After a pretty physically disgusting (referring to my own personal health issues, not the environmental landscape of the outside world) and very difficult 5 days (4 of which involved traveling somewhere other than the bathroom), Logan and I made it to Antigua, Mike having forged ahead a day before us…
La Antigua is incredible…a beautiful, cobblestoned “Spanish” colonial city cozily nestled at the base of several behemoth volcanoes, at least 1 of which (Volcan del Fuego) belches smoke not infrequently and last significantly erupted in September, 2012. Antigua’s Spanish Baroque ruins are interspersed amongst chic restaurants and bars, local fruit vendors, and indigenous Mayan women peddling their beautiful and intricately woven textiles. These architectural “victims” of recurrent earthquakes vary in degree of dilapidation, but each of them retain enough of their original majesty to lend an eerie living yet dead sort of shadow to the entire city.
As luck would have it, we made it here, in time to experience 2 of the Lenten processionals that lead up to Semana Santa. Each Sunday in Lent, one of the local parishes sponsors a procession through the streets of Antigua. Elaborate and beautiful carpets, or alfombras, constructed using dyed sawdust, flowers, pine needles, and other primarily organic materials adorn the processions’ path and are promptly destroyed by the tramplings of Roman centurions, creepily cloaked penitents (who kind of resemble KKK members with an ironic love for the ” Color Purple”), and the devoted bearers of the up to 8,000 pound andas (floats) that are topped with pretty graphic and frightening scenes depicting some aspect of Jesus’ cruxifiction. The ephemeral nature if the alfombras makes them even more beautiful and a true testament to the devotion of their creators.
After a few days in Antigua, we made our way to the ridiculously beautiful Lake Attitlan and one of its many small pueblos, San Pedro. Logan and I took 4 days of Spanish lessons, which really only served to reinforce my afore drawn conclusion that my brain is just too age (and, maybe a little substance) addled to ever learn this language. The little town was cool, but with all of its European tourists and expatriots, along with their restaurants and bars, ended up feeling pretty absent in its Guatemalaness until, not completely surprisingly, my parasitic visitors decided to recommence partying in my intestines.
Enough said…we returned to Antigua in time to experience our 2nd Lenten processional and begin planning our next move.
Baby coffee plants at Finca Filadelfia.
Our guide at Finca Filadefia knew absolutely everything about coffee. It was probably one of the best educational ‘tours’ I have ever taken.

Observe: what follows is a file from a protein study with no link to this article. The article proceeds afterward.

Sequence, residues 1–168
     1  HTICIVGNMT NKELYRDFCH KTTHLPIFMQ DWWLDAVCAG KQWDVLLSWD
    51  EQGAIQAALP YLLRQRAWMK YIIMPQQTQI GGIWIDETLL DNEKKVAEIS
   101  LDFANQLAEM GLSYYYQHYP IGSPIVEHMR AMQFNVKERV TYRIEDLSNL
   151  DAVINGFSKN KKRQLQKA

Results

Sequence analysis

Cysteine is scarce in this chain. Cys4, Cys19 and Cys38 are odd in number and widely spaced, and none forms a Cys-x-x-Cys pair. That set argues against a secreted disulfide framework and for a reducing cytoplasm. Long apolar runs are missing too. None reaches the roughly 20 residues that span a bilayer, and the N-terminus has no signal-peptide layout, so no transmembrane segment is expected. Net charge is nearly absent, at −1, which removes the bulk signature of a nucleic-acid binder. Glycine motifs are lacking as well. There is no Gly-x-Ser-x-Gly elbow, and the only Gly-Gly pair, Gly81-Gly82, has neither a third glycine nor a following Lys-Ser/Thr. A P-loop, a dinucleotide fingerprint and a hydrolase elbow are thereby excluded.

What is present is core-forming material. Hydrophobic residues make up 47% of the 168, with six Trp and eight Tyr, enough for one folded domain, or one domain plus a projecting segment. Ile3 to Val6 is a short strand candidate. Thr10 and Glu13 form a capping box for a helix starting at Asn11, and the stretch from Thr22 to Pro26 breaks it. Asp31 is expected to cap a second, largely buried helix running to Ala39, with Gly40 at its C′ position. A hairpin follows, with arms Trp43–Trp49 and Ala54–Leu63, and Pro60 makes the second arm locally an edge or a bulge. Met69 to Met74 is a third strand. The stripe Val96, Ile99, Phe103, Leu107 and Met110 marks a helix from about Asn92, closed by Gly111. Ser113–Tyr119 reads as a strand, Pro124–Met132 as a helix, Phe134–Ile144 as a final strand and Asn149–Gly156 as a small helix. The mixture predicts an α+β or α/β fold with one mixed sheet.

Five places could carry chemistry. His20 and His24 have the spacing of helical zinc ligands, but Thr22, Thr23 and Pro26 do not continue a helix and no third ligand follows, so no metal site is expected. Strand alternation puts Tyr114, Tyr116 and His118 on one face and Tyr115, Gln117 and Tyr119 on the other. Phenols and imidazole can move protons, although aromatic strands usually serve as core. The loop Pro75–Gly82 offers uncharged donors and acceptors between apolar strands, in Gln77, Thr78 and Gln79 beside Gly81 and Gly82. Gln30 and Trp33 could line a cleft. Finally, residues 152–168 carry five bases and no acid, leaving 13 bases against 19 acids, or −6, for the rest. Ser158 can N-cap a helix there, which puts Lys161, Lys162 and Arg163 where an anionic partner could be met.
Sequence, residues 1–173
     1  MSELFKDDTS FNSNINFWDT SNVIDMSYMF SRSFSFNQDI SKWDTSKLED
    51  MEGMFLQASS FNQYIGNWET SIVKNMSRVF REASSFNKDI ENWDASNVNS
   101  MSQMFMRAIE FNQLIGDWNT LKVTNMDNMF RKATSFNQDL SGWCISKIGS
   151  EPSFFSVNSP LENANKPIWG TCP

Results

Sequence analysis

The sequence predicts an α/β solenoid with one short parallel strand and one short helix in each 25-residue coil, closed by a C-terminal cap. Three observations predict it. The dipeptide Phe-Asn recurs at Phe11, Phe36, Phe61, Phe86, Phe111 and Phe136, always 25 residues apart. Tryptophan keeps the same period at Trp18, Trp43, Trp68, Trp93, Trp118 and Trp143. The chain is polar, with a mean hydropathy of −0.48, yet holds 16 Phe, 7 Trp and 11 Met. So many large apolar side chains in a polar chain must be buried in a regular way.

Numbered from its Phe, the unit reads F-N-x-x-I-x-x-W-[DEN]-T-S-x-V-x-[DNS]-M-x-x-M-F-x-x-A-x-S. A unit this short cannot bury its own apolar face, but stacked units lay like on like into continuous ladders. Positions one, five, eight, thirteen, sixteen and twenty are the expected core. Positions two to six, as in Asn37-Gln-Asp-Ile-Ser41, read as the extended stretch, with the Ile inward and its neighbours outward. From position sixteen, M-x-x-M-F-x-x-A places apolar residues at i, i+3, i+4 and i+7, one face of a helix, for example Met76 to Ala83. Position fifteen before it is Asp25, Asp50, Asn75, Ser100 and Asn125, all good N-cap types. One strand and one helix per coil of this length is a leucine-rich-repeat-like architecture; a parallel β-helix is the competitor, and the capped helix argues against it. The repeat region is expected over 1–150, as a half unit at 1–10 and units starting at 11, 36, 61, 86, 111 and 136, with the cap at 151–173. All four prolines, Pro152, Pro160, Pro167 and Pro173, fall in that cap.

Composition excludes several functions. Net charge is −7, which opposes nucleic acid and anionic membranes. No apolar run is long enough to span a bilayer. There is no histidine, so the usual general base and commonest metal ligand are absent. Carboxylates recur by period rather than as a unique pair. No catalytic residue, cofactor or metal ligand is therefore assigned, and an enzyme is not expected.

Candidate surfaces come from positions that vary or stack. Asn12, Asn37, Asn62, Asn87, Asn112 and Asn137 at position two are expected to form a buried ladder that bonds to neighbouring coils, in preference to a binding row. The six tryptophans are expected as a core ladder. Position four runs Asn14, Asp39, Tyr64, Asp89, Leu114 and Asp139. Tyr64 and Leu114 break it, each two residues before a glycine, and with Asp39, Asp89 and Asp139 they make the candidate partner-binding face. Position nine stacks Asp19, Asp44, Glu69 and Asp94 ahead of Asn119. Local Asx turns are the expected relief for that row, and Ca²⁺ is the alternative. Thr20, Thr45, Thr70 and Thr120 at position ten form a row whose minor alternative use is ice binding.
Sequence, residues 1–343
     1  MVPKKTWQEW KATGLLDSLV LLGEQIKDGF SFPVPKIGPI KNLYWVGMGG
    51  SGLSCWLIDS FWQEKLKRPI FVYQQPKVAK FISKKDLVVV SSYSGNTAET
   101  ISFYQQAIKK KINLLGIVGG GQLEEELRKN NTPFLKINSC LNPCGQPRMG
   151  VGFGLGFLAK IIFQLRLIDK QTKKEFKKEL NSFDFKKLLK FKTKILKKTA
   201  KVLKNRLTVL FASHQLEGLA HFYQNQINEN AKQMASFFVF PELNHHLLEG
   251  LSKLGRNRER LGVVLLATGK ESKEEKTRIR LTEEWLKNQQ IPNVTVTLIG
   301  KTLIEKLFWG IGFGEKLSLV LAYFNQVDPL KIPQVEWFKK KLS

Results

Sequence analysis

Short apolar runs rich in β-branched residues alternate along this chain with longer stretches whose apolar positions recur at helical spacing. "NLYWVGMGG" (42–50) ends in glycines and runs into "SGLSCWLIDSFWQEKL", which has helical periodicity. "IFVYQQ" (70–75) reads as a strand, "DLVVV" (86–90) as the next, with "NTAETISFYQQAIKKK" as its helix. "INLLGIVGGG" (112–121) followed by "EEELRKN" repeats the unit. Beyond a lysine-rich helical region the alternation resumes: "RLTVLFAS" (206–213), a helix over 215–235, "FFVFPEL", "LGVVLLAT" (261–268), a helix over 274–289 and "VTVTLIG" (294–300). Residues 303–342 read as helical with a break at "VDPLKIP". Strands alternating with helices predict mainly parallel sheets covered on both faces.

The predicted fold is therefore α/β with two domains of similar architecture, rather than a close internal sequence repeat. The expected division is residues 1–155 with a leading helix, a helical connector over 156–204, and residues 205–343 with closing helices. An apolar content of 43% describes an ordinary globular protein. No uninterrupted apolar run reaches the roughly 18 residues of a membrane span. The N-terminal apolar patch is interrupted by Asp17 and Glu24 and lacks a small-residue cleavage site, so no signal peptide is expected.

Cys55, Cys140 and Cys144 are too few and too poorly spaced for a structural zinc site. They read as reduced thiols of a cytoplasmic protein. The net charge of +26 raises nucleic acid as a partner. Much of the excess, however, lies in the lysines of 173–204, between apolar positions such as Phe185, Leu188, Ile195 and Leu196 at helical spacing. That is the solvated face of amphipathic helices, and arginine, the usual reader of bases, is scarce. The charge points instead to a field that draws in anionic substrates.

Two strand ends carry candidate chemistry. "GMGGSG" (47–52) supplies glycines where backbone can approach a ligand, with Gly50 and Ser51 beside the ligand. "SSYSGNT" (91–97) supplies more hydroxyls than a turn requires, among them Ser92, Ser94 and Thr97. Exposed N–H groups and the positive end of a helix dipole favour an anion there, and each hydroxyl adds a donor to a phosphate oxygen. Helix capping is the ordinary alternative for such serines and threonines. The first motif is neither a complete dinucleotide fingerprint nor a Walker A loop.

Raw coffee drying in the ‘parchment’ stage.
Props awaiting Semana Santa festivities in Antigua.
There are a lot of beautiful old churches that all harbor evidence of past earthquakes.
An interesting Frida themed jukebox.
The markets here are amazing… and cheap.
Chiltepin peppers in the market. This is probably enough heat to wipe out a small country.
On the street of San Pedro de La Laguna.
The traditional gentlemen wear an interesting combination of patterns here.
A view of Lago Atitlan with Volcanoes Atitlan (left) and Toliman (center) and San Pedro (far right).
Another view from San Marcos.
Loading some avocados on the dock at San Marcos.
This gentleman os preparing a sling to carry this massive load using his forehead… the typical method of transport in Guatemala.
Met this guy, Land, in San Pedro. He started his tour in Mexico City and decided to pull a nice bike-ballet move when I asked for a photo.
A stop on our way up to Nariz de Indio (Indian Nose).
This is Indian Nose… a pretty good hike/climb.
A nice view of Atitlan from above.
Gin taking a load off in the tower atop Indian Nose.
Some interesting freshwater crabs in the Santa Clara market.
In the Santa Clara market.
Our guides hat in superimposed with cotton candy.
One of the many carpets for the procession in Antigua.
Alfombras made of flowers, dyed sawdust and other interesting media.
During the procession these get trampled and immediately cleaned up by a crew that follows the massive procession.
The procession highlight is this massive 3.5 ton teak float (containing elements dating back to the 17th century) that gets carried by an ever-rotating crew of faithful men in purple robes. An emotional event, even if you are not religious. Another major aspect of the procession are the Marchas Funebras – This is the Spanish phrase for funeral marches. Music plays a big role in Semana Santa processions, cueing various actions and setting an appropriately somber mood. The sound is not unlike the brass bands associated with classic New Orleans second-line funeral processions.
A detail of the float. Some of the sculptural images are slightly disturbing.
Only men carry andas with Jesus on them. Only women carry andas with the Virgin Mary on them. Originally done as penance with the faces of the bearers covered, it’s now clearly an honor to carry the load of an anda.
Another group in the procession.
The whole procession is permeated with incense.
A man carrying a miniature model.
The families making the ‘carpets’ know precisely when the procession will come through their neighborhood and finish their design only hours or minutes before the fruits of their labor are trampled by the massive group.
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